Reprimand of Cal State Fullerton math professor in textbook dispute stands
Cal State Fullerton math professor Alain Bourget has been fighting to have a reprimand overturned after defying his department’s choice for a classroom textbook.
But on Thursday, campus President Mildred Garcia announced that she had denied Bourget’s grievance and that the letter of reprimand would stand.
Her decision came after a faculty panel who heard Bourget’s case said earlier in the day that it could not reach a conclusion and recommended that the matter be heard in a “more appropriate venue.”
Garcia had up to three weeks to consider the outcome. In a short letter addressed to Bourget, she said that he had not met the burden of proof.
“The committee in its letter included arguments that were in my favor, so I’m very disappointed that the president decided to ignore that and use the fact that they couldn’t come up with a decision to let the reprimand stand,” Bourget said.
Bourget said he is considering other options, including arbitration and a possible lawsuit.
The panel in its decision noted that Bourget had violated some academic guidelines when he went ahead and ordered a different, cheaper textbook for his advanced algebra class, despite his understanding that the department wanted all faculty to use a common book for the course.
But the three-member committee seemed to find more fault with the math department for having no established process for switching textbooks and said that voicing an honest opinion about changing books would have been awkward given that the department chairman and vice chairman were the co-authors of the textbook being used.
“The lack of a policy or mechanism for considering textbook change, coupled with the fact that the department leadership authored the text, created a situation wherein making a change was likely quite difficult,” said the decision written by hearing panel chairwoman Carol Lundberg.
The letter was addressed to Bourget and Garcia, who had ultimate authority over the outcome.
The campus Academic Senate is convening a committee to consider overall policies on textbook use. No timetable was set for its report.
Bourget’s case not only divided the math department but has ignited debate nationwide over issues of academic freedom, textbook costs and whether it is a conflict of interest for department leaders to assign their own books widely.
The book in question, “Differential Equations and Linear Algebra,” was written by department heads Stephen W. Goode and Scott A. Annin and had been used in different version for 25 years. A new copy costs $180 in the campus bookstore, but it can also be rented and bought online for less.
Officials argued that a common department selection should be used when multiple sections of the same course are taught by different instructors.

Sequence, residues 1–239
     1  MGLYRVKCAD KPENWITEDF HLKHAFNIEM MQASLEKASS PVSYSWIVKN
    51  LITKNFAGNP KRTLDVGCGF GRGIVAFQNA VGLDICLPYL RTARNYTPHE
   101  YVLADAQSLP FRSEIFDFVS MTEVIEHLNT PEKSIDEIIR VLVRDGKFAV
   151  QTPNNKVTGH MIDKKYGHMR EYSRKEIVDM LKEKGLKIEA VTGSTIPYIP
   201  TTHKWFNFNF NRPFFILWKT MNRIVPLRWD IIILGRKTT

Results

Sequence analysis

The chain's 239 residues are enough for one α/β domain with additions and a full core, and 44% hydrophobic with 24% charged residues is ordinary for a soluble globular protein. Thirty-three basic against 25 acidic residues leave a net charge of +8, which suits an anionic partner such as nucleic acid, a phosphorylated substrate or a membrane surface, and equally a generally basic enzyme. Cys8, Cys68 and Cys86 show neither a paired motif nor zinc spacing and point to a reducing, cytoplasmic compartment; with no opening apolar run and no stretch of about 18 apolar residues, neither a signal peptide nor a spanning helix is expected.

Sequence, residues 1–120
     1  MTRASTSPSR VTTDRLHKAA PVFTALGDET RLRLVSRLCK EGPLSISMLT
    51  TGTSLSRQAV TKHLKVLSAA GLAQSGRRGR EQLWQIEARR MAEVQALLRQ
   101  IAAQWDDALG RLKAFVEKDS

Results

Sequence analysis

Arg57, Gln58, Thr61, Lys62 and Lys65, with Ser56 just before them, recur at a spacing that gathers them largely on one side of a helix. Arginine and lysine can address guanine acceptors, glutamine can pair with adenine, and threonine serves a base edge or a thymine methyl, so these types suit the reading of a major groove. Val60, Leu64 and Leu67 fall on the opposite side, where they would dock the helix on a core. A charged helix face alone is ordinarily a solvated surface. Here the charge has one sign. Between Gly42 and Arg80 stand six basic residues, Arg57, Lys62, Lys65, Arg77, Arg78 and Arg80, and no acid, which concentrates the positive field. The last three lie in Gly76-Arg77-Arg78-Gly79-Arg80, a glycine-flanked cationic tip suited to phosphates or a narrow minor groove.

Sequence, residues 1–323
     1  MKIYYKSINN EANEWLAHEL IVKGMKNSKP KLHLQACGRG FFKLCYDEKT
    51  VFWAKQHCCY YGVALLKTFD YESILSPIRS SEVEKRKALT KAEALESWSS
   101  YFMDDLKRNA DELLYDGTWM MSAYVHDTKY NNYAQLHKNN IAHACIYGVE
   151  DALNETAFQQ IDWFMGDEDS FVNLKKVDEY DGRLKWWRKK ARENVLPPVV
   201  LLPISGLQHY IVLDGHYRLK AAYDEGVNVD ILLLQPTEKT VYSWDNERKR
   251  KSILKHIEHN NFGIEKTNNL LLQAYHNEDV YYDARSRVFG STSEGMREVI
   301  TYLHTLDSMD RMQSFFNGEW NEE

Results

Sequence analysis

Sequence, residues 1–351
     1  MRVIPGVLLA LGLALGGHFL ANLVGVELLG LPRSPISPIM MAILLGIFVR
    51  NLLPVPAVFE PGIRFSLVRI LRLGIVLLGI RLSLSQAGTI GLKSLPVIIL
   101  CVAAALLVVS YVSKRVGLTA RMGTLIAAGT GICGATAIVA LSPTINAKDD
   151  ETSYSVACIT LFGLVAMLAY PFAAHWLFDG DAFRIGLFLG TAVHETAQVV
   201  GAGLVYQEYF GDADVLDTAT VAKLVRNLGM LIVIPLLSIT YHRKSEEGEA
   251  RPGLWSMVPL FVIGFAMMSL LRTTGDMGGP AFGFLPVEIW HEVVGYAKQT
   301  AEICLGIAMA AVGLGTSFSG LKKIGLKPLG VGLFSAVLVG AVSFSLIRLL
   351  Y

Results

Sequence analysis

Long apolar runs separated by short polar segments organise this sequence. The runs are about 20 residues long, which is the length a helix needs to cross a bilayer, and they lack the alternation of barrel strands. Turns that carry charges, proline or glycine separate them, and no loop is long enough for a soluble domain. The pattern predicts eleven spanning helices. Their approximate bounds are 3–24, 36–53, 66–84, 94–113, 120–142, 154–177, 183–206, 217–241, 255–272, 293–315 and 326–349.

Bourget, though, said he found cheaper course materials that were more relevant for the math 250B class he taught in spring 2014 and argued there was no clear policy on changing books.
Annin and Goode did not return a request for comment. David Bowman, interim dean of the College of Natural Sciences and Mathematics, who issued the reprimand, also did not return a request for comment.
Bourget has received wide support from faculty and students across the country, including a petition signed by 70 Fullerton faculty members.
But most of his math colleagues said they support the department in this case.
“Dr. Goode and Dr. Annin have been accused of coercing the department into using their text. This is ludicrous; in fact, the opposite is the case. In philosophy, action, and in words, they have made it clear that if we can identify a superior text to theirs, the department should adopt it. Clearly, that has not happened,” said a Nov. 3 letter signed by 36 math faculty and addressed to the Academic Senate and campus community.
The Bourget case is also being closely watched by proponents of free online course materials who say academic departments have been slow to adapt to new technology and update their methods of choosing textbooks.
“Ten years ago, collective adoptions saved students money, so it’s an interesting situation that the technology to solve this problem has moved much faster,” said Nicole Allen, director of open education for the Scholarly Publishing and Academic Resources Coalition. “Departments should be asking, ‘What is the right book?’ and ‘Is making a collective decision helping students?’” This case is significant because we’ve gotten to ask those questions.”
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